An agency of the U.S. Justice Department is gathering data from thousands of cell phones, including both criminal suspects and innocent Americans, by using fake communications towers on airplanes, the Wall Street Journal reported on Thursday.
The program run by the U.S. Marshals Service began operations in 2007 and uses Cessna planes flying from at least five major airports and covering most of the U.S. population, the newspaper said, citing people familiar with the operations.
The planes use devices made by Boeing Co that mimic the cell phone towers used by major telecommunications companies and trick mobile phones into revealing their unique registration data, the report said.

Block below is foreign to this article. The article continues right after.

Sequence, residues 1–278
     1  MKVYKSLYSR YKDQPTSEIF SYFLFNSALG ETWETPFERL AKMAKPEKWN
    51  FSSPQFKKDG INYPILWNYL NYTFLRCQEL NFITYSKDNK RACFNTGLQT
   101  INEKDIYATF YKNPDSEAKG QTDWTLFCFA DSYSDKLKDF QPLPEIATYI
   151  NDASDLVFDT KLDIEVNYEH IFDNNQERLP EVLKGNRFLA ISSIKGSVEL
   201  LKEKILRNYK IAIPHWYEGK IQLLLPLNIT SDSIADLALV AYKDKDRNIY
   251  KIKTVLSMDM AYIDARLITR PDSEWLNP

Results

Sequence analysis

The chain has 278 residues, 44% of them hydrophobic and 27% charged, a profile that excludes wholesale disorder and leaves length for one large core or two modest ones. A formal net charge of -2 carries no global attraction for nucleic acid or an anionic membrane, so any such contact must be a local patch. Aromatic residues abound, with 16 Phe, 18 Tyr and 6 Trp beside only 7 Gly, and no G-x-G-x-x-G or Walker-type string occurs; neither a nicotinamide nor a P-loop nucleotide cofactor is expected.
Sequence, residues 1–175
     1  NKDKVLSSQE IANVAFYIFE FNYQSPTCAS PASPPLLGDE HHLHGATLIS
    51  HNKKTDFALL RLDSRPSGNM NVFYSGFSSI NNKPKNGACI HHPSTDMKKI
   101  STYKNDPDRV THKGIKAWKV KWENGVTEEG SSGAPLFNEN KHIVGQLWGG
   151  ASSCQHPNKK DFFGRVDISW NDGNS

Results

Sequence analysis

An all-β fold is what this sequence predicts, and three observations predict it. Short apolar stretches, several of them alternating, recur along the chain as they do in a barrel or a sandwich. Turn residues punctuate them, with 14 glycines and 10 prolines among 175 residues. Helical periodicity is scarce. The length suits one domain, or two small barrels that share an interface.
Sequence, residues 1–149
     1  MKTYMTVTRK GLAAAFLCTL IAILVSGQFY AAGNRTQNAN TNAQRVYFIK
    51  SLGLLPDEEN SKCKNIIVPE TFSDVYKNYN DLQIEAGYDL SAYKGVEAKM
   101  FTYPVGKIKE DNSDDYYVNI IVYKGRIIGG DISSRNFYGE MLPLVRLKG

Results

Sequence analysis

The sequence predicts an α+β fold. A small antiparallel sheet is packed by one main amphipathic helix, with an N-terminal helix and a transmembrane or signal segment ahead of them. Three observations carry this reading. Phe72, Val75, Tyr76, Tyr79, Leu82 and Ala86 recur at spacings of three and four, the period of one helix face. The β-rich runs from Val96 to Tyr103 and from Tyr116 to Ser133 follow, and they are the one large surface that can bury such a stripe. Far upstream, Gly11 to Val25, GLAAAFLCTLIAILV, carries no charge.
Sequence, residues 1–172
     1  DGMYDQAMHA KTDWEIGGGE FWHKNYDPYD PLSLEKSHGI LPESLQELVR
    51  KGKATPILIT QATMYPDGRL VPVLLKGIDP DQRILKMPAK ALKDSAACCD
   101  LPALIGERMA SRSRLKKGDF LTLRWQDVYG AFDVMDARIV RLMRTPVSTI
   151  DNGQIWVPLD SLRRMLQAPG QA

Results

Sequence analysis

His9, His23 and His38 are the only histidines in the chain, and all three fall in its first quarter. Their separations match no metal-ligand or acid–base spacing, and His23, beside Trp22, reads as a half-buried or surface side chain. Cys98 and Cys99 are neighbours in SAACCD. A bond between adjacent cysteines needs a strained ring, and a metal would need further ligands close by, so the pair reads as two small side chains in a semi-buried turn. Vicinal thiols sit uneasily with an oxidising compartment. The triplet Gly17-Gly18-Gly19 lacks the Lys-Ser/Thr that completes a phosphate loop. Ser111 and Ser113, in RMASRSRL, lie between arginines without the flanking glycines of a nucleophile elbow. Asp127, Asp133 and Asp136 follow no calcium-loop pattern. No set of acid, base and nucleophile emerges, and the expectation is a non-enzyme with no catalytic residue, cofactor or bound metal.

The devices, nicknamed "dirtboxes," can collect information from tens of thousands of cell phones in a single flight, which occur on a regular basis, according to those with knowledge of the program, the Journal said.